A005235


Fortunate numbers: least m > 1 such that m + prime(n)# is prime, where p# denotes the product of all primes <= p.
(Formerly M2418)


54



3, 5, 7, 13, 23, 17, 19, 23, 37, 61, 67, 61, 71, 47, 107, 59, 61, 109, 89, 103, 79, 151, 197, 101, 103, 233, 223, 127, 223, 191, 163, 229, 643, 239, 157, 167, 439, 239, 199, 191, 199, 383, 233, 751, 313, 773, 607, 313, 383, 293, 443, 331, 283, 277, 271, 401, 307, 331
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OFFSET

1,1


COMMENTS

Reo F. Fortune conjectured that a(n) is always prime.
You might be searching for Fortunate Primes, which is an alternative name for this sequence. It is not the official name yet, because it is possible, although unlikely, that not all the terms are primes.  N. J. A. Sloane, Sep 30 2020
The strong form of Cramér's conjecture implies that a(n) is a prime for n > 1618, as previously noted by Golomb.  Charles R Greathouse IV, Jul 05 2011
a(n) is the smallest m such that m > 1 and A002110(n) + m is prime. For every n, a(n) must be greater than prime(n+1)  1.  Farideh Firoozbakht, Aug 20 2003
If a(n) < prime(n+1)^2 then a(n) is prime. According to Cramér's conjecture a(n) = O(prime(n)^2).  Thomas Ordowski, Apr 09 2013
If all terms are prime, then lim_{N>oo} (Sum_{n=1..N} primepi(a(n))) / (Sum_{n=1..N} n) = 3/2, and primepi(a(n))/n < 6 for all n.
Limit_{N>oo} (Sum_{n=1..N} a(n)) / (Sum_{n=1..N} prime(n)) = Pi/2.
a(n)/prime(n) < 8 for all n. (End)
Conjecture: Limit_{N>oo} (Sum_{n=1..N} a(n)) / (Sum_{n=1..N} prime(n)) = 3/2.  Alain Rocchelli, Dec 24 2022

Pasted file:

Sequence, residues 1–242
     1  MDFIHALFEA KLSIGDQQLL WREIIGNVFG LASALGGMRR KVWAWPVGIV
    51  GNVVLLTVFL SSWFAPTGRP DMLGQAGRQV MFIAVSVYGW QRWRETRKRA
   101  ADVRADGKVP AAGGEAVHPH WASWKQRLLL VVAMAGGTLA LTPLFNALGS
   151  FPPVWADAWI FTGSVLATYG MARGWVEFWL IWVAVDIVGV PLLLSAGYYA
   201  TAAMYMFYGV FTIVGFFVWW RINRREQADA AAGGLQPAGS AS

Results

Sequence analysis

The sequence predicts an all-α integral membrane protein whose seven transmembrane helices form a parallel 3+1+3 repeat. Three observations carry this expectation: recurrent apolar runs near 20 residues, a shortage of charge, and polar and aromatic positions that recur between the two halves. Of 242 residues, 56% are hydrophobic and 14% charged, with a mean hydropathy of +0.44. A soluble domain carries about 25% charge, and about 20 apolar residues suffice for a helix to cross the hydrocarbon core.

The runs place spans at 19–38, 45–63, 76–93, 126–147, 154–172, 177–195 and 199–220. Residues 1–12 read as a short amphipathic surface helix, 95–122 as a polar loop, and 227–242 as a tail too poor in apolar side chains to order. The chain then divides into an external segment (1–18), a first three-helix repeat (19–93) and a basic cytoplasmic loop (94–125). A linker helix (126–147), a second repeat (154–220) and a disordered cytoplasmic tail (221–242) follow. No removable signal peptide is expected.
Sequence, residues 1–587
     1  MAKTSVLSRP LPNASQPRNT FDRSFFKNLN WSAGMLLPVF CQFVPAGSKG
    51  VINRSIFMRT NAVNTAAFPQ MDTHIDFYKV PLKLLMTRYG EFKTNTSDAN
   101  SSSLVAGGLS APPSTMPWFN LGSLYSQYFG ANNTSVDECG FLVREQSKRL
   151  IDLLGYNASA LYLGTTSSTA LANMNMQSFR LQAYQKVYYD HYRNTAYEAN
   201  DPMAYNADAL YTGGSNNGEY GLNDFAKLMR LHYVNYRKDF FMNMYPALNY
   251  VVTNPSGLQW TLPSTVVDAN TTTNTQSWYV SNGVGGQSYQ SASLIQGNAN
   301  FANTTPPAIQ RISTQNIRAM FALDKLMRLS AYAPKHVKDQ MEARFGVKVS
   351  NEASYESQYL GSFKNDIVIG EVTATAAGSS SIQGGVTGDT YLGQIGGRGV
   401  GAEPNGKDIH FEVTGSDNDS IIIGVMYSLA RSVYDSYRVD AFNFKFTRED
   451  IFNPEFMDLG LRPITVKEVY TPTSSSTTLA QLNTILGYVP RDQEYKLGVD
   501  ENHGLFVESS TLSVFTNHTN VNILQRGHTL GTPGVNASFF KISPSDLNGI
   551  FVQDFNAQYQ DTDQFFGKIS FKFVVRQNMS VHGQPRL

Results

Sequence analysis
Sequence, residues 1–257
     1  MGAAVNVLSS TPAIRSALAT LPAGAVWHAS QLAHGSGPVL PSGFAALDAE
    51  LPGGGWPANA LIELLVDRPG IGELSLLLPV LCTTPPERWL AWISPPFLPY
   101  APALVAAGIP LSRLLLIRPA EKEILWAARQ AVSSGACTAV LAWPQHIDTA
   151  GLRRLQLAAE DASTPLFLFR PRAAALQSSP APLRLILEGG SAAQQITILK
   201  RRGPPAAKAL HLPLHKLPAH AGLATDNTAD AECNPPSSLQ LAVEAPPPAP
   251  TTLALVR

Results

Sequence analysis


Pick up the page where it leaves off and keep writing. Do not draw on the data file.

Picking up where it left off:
The name "Fortunate numbers" was coined by Golomb (1981) after the New Zealand social anthropologist Reo Franklin Fortune (1903  1979). According to Golomb, Fortune's conjecture first appeared in print in Martin Gardner's Mathematical Games column in 1980.  Amiram Eldar, Aug 25 2020


REFERENCES

Martin Gardner, The Last Recreations (1997), pp. 194195.
Richard K. Guy, Unsolved Problems in Number Theory, 3rd ed., Springer, 1994, Section A2, p. 11.
Stephen P. Richards, A Number For Your Thoughts, 1982, p. 200.
N. J. A. Sloane and Simon Plouffe, The Encyclopedia of Integer Sequences, Academic Press, 1995 (includes this sequence).
David Wells, Prime Numbers: The Most Mysterious Figures In Math, Hoboken, New Jersey: John Wiley & Sons (2005), pp. 108109.


LINKS



FORMULA

If x(n) = 1 + Product_{i=1..n} prime(i), q(n) = least prime > x(n), then a(n) = q(n)  x(n) + 1.
a(n) = 1 + the difference between the nth primorial plus one and the next prime.


EXAMPLE

a(4) = 13 because P_4# = 2*3*5*7 = 210, plus one is 211, the next prime is 223 and the difference between 210 and 223 is 13.


MAPLE

Primorial:= 2:
p:= 2:
A[1]:= 3:
for n from 2 to 100 do
p:= nextprime(p);
Primorial:= Primorial * p;
A[n]:= nextprime(Primorial+p+1)Primorial;
od:


MATHEMATICA

NPrime[n_Integer] := Module[{k}, k = n + 1; While[! PrimeQ[k], k++]; k]; Fortunate[n_Integer] := Module[{p, q}, p = Product[Prime[i], {i, 1, n}] + 1; q = NPrime[p]; q  p + 1]; Table[Fortunate[n], {n, 60}]
r[n_] := (For[m = (Prime[n + 1] + 1)/2, ! PrimeQ[Product[Prime[k], {k, n}] + 2 m  1], m++]; 2 m  1); Table[r[n], {n, 60}]
FN[n_] := Times @@ Prime[Range[n]]; Table[NextPrime[FN[k] + 1]  FN[k], {k, 60}] (* Jayanta Basu, Apr 24 2013 *)
NextPrime[#]#+1&/@(Rest[FoldList[Times, 1, Prime[Range[60]]]]+1) (* Harvey P. Dale, Dec 15 2013 *)


PROG

(Haskell)
a005235 n = head [m  m < [3, 5 ..], a010051'' (a002110 n + m) == 1]
(Sage)
def P(n): return prod(nth_prime(k) for k in range(1, n + 1))
it = (P(n) for n in range(1, 31))
print([next_prime(Pn + 2)  Pn for Pn in it]) # F. Chapoton, Apr 28 2020
(Python)
from sympy import nextprime, primorial
def a(n): psharp = primorial(n); return nextprime(psharp+1)  psharp


CROSSREFS

Cf. A046066, A002110, A006862, A035345, A035346, A055211, A129912, A010051, A005408, A038771, A038711.


KEYWORD

nonn,nice


AUTHOR



STATUS

approved